If there’s one spot on the Internet that you don’t want to take an image from, it’s Getty Images. This company has been known to sue the smallest offenders for copyright infringement. It’s also where serious photographers go to sell photographs to the highest bidder.
So, when Getty Images announced that the company would be making most images available for free, photographers staged a protest.
Why would Getty make such a drastic change? The company has to keep up with other images sites that aren’t charging lots of cash for photos.
Getty Embed Images
Getty’s new embedded images are easy to embed in any blog or on any social network. All you have to do is click on the image you want to use, select the code, and paste the image. You can’t use any of the images for commercial purposes, but you can slap as many photos on your blog or social media page as you like.
There’s motivation behind this move, too. Sure, Getty has to compete with other photo sites, but the company has also been in talks with a few commercially minded startups like Kiosked – a company that will turn any image into an ad. Picture this: you choose to embed an image from Getty, copy and paste the company’s code, and your image suddenly becomes an ad. How? Like that photo of a lush apple?
The photo may soon lead clickers directly to a Whole Foods page, for example. Getty hasn’t implemented these features yet, but the idea is simple enough.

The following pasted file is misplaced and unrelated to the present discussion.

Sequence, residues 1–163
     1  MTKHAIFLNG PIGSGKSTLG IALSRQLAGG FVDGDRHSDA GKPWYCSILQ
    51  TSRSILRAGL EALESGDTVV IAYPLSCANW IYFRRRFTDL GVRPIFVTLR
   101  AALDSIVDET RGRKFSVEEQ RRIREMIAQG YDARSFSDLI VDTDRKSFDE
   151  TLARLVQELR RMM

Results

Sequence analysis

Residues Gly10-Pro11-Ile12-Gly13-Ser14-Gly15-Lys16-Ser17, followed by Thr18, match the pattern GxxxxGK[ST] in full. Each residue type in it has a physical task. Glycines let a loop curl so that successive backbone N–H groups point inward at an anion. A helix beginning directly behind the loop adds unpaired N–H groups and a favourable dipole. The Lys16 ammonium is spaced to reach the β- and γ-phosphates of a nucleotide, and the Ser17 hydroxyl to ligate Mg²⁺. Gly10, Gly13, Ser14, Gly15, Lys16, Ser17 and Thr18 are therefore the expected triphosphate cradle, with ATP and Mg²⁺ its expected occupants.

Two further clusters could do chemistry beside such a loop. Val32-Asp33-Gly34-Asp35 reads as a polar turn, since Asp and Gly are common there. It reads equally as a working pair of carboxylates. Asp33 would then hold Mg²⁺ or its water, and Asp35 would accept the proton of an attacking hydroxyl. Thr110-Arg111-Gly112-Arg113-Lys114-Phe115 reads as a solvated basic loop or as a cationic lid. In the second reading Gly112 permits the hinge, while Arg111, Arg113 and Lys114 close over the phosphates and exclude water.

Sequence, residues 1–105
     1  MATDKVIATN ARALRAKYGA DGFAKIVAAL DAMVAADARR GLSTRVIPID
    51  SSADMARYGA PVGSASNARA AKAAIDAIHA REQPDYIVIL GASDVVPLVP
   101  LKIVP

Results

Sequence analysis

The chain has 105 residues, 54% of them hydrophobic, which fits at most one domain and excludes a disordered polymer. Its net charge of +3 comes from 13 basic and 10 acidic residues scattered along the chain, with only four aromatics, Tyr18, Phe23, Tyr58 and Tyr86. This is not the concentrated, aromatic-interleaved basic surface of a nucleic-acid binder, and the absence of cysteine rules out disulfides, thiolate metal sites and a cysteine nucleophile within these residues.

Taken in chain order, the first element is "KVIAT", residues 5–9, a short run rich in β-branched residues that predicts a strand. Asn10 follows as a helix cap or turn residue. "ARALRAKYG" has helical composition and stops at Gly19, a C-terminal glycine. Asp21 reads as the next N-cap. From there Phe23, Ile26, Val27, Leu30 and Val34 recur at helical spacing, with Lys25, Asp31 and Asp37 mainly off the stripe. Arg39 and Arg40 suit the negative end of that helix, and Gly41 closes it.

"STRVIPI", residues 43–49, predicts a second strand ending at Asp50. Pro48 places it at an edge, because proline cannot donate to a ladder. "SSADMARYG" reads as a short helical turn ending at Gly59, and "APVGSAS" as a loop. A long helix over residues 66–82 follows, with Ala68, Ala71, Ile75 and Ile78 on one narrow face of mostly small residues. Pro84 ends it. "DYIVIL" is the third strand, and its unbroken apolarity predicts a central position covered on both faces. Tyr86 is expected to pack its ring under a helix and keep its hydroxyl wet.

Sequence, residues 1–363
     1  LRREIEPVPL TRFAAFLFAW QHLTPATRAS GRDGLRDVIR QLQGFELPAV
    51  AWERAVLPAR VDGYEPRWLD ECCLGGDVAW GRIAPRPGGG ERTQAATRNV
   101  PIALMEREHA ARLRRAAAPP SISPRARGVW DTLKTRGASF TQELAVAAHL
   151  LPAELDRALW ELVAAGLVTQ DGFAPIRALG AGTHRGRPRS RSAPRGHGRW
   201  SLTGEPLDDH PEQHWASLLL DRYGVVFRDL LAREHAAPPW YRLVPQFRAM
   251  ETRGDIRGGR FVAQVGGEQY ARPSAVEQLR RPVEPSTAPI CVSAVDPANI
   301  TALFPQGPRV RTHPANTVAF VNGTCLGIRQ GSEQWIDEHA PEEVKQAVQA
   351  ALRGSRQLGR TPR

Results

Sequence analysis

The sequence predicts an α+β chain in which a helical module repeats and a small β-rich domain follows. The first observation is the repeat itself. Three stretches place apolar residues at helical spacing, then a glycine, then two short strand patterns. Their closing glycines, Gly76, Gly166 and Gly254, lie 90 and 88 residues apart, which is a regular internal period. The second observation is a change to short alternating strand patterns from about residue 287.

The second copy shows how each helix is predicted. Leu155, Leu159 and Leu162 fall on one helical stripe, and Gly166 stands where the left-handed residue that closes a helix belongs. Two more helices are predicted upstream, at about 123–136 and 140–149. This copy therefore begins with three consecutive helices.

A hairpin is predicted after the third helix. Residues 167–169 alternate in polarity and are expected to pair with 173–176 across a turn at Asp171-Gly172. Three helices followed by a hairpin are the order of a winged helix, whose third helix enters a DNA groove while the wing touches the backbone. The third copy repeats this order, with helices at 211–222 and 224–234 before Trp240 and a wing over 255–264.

The Code Story
Here’s the thing about copying and pasting another company’s code: you never know what that code might do. If you are going to use Getty’s embedded images (or any other code from any other site), make sure to read the fine print. You aren’t getting images for free for nothing. It’s not necessarily bad, though. You do get to use some of the best images on the web for free, and that’s positive.
Just be aware that the images do come with a code that you do have to place on your website (and stick to the embedded images section only – the other images are still not available for free).
Remember to choose images that directly relate to what you’re writing about, if you plan to post these pictures on your blog. This way, any future advertising endeavours by Getty will also pertain to what your blog is all about, hopefully. You can’t make any money off of these images, either, and that’s something to keep in mind.
Getty might eventually link one of the images that you embed to a company, but you won’t get any dollars for those ads. So, it’s a toss-up. If you want free images, expect to provide Getty with free advertising on your site. If you want to pay, cough up the money and pay to have an image that you can keep control over. See how that works?
Needless to say, Getty photographers now finding images in the embed section aren’t happy about this arrangement at all. But, the other option is to find another site to showcase your photos.